Reducing Responder & Patient Injuries at the National EMS Safety Summit

The National EMS Safety Summit held annually in Denver provides attendees with a phenomenal opportunity to learn and network with some of the best EMS leaders in safety and risk management.

One of the pre-conference classes was all about reducing injuries to not only EMS providers, but also to patients.

The class took a critical look at the EMS profession and asked, “Why does injury occur?” What attendees took away are four key principles that can help all EMTs and EMS departments reduce their exposure to injury, risk, patient handling mistakes and ultimately pain experienced by providers.

  1. To move well, first you have to move well: Move well and move often was the takeaway. The mantra that was taught is both simple yet profound: “To move things well (patients, gear, equipment) first you have to move well.” This is accomplished by beginning of shift stretching (“check off the truck, check off your body”), then by using mobility tools such as foam rollers to improve mobility while reducing pain. As A.J. Heightman said during his Thursdays seminar, what we eat matters, and this sentiment was echoed strongly when we discussed the importance of hydration, clean eating and a healthy diet, as this directly ties into both overall wellness and reducing injury through improved physical resiliency.
  2. Change the lift height: The second key takeaway was to avoid ever having to put your hands on the floor to lift. Attendees were taught to “use a tool; stop being the tool.” Use a device like a soft stretcher to change your lift height while also reducing the risk of dropping or injuring the patient during the lift or transfer.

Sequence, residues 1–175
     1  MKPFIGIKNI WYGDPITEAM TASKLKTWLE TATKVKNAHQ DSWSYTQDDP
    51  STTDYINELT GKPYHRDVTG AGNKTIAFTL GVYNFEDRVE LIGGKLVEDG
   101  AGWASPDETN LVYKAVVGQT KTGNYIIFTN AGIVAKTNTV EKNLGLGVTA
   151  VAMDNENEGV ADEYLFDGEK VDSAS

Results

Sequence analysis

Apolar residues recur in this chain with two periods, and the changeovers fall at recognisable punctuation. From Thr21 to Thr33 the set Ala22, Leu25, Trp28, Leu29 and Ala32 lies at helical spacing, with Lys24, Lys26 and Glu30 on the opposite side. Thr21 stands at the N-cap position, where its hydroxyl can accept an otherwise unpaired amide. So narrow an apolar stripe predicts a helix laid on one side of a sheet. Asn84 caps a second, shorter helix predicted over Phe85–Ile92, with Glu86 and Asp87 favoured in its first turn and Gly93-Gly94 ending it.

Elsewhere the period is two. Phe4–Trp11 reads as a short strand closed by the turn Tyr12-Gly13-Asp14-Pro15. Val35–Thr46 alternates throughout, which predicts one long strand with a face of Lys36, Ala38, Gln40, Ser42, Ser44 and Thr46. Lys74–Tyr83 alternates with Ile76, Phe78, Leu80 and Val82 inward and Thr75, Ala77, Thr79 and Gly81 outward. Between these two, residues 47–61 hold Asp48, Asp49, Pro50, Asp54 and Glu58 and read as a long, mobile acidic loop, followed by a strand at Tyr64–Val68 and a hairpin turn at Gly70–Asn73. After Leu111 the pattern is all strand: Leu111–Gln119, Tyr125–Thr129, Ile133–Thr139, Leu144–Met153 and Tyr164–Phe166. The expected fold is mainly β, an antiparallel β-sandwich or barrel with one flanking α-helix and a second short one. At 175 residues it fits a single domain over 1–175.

3. Reduce friction and trunk angle: The third key risk management step was to reduce friction (bed-to-bed transfers and drags) and limit how much you have to flex forward at the trunk. We know that friction adds resistance, and the more you have to lean over the more load your spine has to take. Attendees learned that using a soft stretcher or even a slide board will drastically reduce both friction and trunk angle.
  4. Use your patient transport tools as they were designed: The final injury reduction point for both patient and provider is to understand the difference between load vs. transport height with X-frame stretchers. The higher the stretcher is, the more unstable it becomes. The number one cause of dropped stretchers is moving them at the highest position (load height). We all know never to roll the stretcher sideways, but many providers have not been taught the importance of transport height.

To keep the presentation actionable, attendees were taught that “the heavier the patient, the more varied the terrain or environment, the lower the stretcher has to go.” In fact, with bariatric patients the stretcher should be moved all the way on the ground where it is the strongest and has the lowest chance of tipping.